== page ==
|PEG Ratio (TTM)||9.76x||98.72x||9.69x||1.39x||1.46x||0.49x|
Trailing twelve month. Data provided by Thomson Reuters.
2) Staying power among marketers: On May 15, 2012 word broke out that General Motors, with iconic brands such as Buick, Cadillac, Chevrolet, and GMC, would cease advertising on Facebook because the company didn’t find a significant return on investment. Since this time, competitor Google has capitalized on Facebook’s relative weakness, launching advertising campaigns for their own AdWords product with lines such as “Google Ads Just Work.”
3) Unresolved securities arbitration claims related to the challenged IPO offering in May: While Morgan Stanley and NASDAQ would likely be responsible for paying any damages, Facebook could receive bad publicity as the result of any form of negative verdict. A New Jersey man is seeking $1.9 million in damages, and the outcome of his case could set a precedent for others.
1) Romney, Obama campaign spending should help drive Facebook’s earnings results for the fourth quarter. Facebook operates on a calendar year basis, and spending activity from both parties during the Oct. 1 – Nov. 4 period will be reflected in upcoming earnings results. How significant could Governor Romney’s former peak of 12 million likes be for Facebook’s bottom line? Only time will tell, but I expect political ad spending to move the needle and push Facebook’s results past consensus estimates. On a personal note, even after I chose to like Governor Romney’s official Facebook page, I was still presented with a Sponsored Story featuring one of several personal friends who decided to endorse the page as well. This became a daily occurrence, being greeted by Governor Romney as I opened the Facebook application on my iPhone 5 during October and early November.
2) Investors seem to be overlooking the fact that Facebook is all but guaranteed to join the S&P 500 index in coming months. This will cause at least 20 percent of the outstanding float to be purchased by index funds, causing a definite rise in share price. Standard & Poor’s states in their index methodology that “initial public offerings should be seasoned for 6 to 12 months before being considered for addition to an index.”
3) Facebook is no longer restricted to develop original gaming content for its platform beginning on March 31, 2013. Currently, Facebook has a developer agreement in place with Zynga (NASDAQ: ZNGA), the social game creator of perennial favorites such as Farmville and Mafia Wars. On Nov. 28, 2012 in a Form 8-K filing with the Securities and Exchange Commission, Zynga provided to investors that its agreement with Facebook has been amended and that it will be subject to Facebook’s standard terms of service beginning on March 31. This development is a huge positive for Facebook and neutral at best for Zynga, which basically lost its preferential status with its long-time supporter. While Zynga does have strong name recognition among Facebook users, I would not expect its user base to maintain loyalty if its former partner is able to develop better content.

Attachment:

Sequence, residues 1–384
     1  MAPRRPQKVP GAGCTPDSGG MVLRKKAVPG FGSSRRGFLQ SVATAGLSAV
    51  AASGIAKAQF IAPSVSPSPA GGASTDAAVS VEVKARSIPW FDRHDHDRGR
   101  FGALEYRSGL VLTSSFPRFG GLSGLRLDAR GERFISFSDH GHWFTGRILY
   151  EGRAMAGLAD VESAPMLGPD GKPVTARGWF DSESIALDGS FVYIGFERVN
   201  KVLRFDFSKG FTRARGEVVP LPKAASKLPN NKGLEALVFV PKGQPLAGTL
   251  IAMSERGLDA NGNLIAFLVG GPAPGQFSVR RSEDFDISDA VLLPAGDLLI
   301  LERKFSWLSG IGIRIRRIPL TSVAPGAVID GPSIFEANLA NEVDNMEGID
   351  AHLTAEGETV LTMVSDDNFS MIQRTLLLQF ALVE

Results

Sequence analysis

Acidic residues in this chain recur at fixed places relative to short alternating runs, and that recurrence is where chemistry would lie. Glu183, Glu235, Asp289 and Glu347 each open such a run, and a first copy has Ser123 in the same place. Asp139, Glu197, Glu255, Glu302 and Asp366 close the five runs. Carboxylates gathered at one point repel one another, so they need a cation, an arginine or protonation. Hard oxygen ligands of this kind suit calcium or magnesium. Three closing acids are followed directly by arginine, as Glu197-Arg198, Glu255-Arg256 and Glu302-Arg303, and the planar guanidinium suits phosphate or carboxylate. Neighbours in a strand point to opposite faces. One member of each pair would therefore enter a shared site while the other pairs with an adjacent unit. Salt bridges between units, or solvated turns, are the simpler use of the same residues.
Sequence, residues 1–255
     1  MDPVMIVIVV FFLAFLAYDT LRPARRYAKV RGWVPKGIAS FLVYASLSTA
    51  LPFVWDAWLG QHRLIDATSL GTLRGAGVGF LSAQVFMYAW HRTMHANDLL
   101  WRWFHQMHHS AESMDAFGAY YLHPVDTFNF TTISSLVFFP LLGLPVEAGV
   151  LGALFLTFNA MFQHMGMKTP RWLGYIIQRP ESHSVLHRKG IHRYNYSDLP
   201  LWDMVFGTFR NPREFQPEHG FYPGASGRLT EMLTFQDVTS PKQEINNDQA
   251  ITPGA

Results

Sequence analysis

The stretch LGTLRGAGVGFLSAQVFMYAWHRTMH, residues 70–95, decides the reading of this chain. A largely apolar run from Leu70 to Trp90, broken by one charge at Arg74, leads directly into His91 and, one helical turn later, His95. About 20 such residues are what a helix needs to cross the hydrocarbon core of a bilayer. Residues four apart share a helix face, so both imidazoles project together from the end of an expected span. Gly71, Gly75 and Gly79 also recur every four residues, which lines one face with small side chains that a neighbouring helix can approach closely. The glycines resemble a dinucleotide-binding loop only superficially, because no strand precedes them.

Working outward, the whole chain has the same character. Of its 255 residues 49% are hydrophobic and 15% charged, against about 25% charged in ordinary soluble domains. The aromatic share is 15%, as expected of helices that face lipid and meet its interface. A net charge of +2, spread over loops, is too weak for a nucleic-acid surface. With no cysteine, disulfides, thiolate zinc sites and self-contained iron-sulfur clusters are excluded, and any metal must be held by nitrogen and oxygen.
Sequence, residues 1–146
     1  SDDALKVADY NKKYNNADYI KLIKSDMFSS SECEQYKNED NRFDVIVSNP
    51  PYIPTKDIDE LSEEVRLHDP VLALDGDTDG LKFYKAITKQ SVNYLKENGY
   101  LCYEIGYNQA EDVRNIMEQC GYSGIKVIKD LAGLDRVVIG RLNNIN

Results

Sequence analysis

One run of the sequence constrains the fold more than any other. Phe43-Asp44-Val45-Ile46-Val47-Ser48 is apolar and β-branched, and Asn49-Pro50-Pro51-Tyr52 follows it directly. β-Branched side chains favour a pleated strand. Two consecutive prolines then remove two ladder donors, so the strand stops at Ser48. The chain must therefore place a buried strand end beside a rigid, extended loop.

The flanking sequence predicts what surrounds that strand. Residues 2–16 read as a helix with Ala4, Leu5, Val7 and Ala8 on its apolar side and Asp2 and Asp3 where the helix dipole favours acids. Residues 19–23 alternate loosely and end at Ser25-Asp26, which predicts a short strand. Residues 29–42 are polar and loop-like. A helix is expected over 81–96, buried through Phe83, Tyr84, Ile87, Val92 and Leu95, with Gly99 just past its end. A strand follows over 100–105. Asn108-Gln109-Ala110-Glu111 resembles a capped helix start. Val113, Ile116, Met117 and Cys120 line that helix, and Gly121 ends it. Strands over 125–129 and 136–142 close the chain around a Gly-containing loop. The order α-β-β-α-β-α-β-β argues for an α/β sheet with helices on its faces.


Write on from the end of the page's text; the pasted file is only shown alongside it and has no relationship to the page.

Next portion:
4) Facebook is making a quiet entrance into the job search market. A joint initiative between Facebook and the US Department of Labor was announced last fall, however the idea took time to develop and only recently went live on Facebook’s website. The jobs application has more than 1.7 million job listings, including a segment of which already listed on Monster and LinkedIn (NYSE: LNKD). The sell-side analyst community does not view Facebook as a concern for LinkedIn, stating LNKD has “distinct advantages” over FB and FB will not be a legitimate competitor.
1) Founder and CEO Mark Zuckerberg previously stated he would not run Facebook in strict accordance with the needs and wants of Wall Street. However, the addition of Google alumnus Sheryl Sandberg to Facebook’s management team should serve to moderate Zuckerberg’s comments going forward.